First Ladies Roles

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“I would desire that you Remember the Ladies” (Mayo 16), the ladies who have paved a path for all women to follow. Much more than a spouse, first ladies harbor indefinite tasks - helping push America forward. Through time, all forty-four first ladies have defined their own roles - fitting them to their own personality, interests and expectations of the generation.
The first lady is more than simply the president 's wife. On occasion people consulted her on issues when they felt the president was too busy (Caroli) and in return these women also offered advice to the president despite the little power they possessed (Matuz), courtesy of the Constitution. Many see the first lady as an extension of the president (Caroli). However, not all presidents
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First ladies play an important role in American life. From century to century the roles the women uphold have changed throughout time. “Today the first lady takes positions, works for causes, makes public appearances and speeches and often is an important figure in her own right.” Modern first ladies (E. Roosevelt, J. Kennedy, R. Carter) began to turn a new page in history when they began openly fighting for political issues on their personal behalf (Diller and Robertson 143). Today, many first ladies assume multiple roles, in addition to her social role. The twentieth century, modern first ladies act as a campaigner, to the press, extension of the president, contributor to Domestic and Foreign Policy programs, as well as still being an active hostess and supporter of the President. Modern first ladies also receive an office, budget and staff to help them execute these roles. The first lady’s staff consists of aids who help with scheduling, handle correspondence, and undertake writing speeches (Matuz).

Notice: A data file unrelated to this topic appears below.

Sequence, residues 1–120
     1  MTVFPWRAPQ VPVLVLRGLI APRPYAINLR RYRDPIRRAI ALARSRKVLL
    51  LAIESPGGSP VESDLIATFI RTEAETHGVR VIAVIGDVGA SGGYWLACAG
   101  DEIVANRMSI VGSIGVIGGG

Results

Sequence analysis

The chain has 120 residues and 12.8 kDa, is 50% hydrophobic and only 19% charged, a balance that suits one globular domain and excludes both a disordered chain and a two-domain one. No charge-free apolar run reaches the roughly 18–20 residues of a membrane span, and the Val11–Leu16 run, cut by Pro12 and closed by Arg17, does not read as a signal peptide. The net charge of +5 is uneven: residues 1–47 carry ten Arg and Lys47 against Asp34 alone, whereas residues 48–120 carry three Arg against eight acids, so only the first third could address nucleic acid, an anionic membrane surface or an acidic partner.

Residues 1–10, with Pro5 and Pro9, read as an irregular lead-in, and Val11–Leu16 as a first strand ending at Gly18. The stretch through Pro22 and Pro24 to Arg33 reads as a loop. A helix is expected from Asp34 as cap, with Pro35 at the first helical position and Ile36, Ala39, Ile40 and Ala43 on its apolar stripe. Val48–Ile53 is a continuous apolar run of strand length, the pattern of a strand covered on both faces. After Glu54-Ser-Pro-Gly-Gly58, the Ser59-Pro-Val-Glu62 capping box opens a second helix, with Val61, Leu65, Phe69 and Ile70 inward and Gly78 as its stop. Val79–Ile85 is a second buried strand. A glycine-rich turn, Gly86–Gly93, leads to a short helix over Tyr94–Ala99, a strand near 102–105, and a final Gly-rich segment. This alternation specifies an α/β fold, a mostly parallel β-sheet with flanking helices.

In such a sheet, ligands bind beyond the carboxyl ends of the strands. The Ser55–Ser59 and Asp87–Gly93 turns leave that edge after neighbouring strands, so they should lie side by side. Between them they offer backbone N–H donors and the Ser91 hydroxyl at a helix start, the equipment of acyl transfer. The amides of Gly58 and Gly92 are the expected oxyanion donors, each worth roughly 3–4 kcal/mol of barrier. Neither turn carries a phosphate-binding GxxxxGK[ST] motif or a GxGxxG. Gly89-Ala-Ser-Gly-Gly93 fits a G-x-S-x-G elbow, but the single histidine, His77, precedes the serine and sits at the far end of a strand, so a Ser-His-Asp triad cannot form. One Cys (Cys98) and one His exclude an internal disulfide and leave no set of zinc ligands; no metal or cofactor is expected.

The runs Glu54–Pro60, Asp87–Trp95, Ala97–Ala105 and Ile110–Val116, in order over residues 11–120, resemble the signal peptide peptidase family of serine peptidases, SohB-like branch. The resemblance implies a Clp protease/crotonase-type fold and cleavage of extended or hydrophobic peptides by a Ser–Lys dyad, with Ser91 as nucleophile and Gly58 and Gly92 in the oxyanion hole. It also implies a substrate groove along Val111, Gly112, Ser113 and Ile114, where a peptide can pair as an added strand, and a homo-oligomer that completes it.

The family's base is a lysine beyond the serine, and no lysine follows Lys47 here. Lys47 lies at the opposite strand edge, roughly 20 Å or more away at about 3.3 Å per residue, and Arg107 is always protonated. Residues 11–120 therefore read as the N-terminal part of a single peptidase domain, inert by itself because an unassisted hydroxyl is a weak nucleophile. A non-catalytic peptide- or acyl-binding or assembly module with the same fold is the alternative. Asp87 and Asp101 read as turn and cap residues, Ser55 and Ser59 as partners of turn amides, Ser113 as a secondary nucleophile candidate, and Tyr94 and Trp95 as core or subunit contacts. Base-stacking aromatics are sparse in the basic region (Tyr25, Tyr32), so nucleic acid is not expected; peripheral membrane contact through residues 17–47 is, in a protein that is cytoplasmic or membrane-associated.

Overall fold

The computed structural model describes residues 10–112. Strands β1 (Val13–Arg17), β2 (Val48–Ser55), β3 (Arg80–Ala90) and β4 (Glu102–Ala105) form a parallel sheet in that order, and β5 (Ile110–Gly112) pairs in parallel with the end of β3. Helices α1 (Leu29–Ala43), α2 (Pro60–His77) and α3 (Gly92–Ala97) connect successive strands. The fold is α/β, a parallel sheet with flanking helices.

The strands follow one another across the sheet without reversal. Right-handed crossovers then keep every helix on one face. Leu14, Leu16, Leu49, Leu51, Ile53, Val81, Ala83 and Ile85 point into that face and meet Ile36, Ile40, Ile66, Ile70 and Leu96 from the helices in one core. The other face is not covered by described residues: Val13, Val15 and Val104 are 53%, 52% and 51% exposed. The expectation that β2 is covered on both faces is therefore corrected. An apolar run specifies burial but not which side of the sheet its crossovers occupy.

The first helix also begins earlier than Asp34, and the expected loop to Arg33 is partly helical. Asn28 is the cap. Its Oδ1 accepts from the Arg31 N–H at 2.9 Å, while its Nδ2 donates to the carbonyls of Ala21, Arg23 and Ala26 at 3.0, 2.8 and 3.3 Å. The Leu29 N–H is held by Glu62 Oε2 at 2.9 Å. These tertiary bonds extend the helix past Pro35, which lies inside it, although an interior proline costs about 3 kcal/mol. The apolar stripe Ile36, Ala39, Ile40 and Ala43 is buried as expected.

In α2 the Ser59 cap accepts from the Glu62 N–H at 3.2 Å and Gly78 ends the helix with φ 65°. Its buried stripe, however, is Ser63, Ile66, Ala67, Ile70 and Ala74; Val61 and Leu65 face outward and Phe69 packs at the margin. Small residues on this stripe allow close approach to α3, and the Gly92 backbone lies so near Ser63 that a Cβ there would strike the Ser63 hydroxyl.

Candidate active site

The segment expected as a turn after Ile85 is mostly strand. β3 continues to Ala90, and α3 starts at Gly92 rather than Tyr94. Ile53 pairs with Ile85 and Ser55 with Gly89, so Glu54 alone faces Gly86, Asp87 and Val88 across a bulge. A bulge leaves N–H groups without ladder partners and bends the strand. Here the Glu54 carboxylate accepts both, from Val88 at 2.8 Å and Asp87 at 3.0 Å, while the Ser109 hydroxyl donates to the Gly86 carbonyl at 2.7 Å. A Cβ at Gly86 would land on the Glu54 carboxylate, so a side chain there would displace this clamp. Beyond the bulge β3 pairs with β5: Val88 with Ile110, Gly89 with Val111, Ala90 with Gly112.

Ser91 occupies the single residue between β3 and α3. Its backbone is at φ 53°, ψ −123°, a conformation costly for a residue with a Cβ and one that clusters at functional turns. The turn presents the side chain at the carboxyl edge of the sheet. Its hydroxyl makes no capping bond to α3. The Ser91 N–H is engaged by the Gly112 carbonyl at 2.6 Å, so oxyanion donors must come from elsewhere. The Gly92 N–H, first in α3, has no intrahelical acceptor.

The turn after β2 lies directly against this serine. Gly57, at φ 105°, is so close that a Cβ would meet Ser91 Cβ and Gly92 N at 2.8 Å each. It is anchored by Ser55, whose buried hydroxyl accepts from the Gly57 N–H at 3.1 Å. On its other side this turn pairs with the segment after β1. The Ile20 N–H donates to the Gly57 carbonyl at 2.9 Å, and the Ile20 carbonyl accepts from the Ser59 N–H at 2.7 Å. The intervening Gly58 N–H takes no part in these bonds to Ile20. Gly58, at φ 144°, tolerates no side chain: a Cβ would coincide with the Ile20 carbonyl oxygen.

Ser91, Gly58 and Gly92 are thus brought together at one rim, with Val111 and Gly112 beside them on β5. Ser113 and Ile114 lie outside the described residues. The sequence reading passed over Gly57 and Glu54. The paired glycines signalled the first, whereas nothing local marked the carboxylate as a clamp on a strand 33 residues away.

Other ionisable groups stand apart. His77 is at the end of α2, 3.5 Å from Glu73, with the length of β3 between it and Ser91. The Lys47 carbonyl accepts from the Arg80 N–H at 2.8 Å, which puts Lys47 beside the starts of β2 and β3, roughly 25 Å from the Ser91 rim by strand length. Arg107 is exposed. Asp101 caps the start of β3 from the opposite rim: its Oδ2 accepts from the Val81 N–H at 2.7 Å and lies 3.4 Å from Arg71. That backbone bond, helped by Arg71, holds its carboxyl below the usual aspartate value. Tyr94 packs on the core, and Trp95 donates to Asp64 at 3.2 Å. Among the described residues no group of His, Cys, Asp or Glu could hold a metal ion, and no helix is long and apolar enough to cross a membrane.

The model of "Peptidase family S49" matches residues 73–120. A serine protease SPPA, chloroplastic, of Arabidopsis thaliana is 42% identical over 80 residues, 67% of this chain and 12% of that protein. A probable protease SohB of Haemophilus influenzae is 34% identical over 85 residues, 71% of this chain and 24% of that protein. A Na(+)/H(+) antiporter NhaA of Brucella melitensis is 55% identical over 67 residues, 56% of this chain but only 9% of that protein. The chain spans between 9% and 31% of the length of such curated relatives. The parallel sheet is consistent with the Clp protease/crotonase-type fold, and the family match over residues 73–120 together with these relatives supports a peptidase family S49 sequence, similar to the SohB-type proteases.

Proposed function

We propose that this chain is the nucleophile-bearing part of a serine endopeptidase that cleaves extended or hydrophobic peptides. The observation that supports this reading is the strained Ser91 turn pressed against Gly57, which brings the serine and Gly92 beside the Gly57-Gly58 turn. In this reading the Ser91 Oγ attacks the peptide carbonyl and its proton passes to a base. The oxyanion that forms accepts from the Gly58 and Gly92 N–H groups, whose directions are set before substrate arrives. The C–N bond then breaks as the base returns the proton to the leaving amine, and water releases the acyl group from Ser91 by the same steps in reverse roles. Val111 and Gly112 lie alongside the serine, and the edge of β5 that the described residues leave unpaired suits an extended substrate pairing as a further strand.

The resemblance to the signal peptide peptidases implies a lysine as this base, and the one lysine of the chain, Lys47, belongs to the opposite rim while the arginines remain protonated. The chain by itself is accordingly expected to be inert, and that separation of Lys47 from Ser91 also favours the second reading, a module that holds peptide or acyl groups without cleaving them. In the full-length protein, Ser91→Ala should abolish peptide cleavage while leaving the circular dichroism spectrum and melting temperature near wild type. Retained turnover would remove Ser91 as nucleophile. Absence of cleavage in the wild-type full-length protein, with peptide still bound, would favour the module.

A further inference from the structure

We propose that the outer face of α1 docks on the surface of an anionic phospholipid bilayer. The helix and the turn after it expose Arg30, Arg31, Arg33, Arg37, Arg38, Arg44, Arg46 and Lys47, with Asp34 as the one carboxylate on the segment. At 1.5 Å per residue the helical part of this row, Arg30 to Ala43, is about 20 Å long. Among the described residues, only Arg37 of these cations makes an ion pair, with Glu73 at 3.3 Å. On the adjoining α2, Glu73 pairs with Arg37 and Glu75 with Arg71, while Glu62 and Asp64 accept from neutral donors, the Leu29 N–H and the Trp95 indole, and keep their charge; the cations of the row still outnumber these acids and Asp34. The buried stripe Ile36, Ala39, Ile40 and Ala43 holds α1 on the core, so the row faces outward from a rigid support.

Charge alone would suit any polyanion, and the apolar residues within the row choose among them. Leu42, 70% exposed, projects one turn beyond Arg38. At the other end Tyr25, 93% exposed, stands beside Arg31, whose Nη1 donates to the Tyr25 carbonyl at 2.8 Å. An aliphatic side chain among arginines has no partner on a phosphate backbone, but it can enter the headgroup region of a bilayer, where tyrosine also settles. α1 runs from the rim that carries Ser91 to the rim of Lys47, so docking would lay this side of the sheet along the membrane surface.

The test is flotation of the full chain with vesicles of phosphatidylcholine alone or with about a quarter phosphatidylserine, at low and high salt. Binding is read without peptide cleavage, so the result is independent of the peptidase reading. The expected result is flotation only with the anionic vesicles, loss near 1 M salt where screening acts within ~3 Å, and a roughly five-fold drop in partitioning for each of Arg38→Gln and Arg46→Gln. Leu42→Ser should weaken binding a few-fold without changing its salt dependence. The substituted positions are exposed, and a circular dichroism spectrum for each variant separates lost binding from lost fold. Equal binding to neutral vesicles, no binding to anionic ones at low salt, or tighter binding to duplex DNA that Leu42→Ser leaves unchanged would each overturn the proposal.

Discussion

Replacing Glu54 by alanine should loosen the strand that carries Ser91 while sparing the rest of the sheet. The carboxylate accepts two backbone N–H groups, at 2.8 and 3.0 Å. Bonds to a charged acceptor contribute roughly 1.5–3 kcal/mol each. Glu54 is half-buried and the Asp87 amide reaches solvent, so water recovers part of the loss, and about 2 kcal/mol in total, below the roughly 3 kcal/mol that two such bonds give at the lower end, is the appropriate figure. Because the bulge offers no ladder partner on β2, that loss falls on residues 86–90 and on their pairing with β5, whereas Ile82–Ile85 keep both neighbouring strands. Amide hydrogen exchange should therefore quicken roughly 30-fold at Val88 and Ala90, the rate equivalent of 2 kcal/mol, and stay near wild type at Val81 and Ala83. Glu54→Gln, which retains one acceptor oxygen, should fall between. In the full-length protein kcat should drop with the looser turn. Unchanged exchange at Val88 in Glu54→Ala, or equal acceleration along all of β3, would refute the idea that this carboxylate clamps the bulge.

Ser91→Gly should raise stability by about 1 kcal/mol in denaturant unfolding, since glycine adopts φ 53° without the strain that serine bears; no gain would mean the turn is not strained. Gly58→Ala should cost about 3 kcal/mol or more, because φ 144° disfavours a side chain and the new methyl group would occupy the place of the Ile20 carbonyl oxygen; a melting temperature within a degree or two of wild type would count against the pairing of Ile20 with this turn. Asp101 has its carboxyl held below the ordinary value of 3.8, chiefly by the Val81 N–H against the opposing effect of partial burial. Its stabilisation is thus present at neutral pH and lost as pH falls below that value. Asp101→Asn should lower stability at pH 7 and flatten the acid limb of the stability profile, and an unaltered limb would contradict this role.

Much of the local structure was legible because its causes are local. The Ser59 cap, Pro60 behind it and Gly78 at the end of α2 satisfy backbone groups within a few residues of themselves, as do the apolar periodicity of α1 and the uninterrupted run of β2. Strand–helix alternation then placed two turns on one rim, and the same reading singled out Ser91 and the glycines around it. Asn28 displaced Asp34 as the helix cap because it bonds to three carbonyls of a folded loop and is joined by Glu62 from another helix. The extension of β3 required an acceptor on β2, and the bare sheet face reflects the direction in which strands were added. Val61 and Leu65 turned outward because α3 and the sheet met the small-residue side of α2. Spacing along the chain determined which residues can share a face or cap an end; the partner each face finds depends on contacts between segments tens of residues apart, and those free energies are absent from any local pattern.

The campaigning role of the First Lady is one of the more important roles in Modern Times. The campaign is an important part in the race to the White House, and the involvement of the first lady is a huge part of it. Today, the first lady has to campaign nearly as extensively as her husband, for the position (Diller and Robertson 145). The first lady is more than the wife to the President. She is a woman of poise, elegance and influence stemming from the creation of her own image - seen through the eyes of the American
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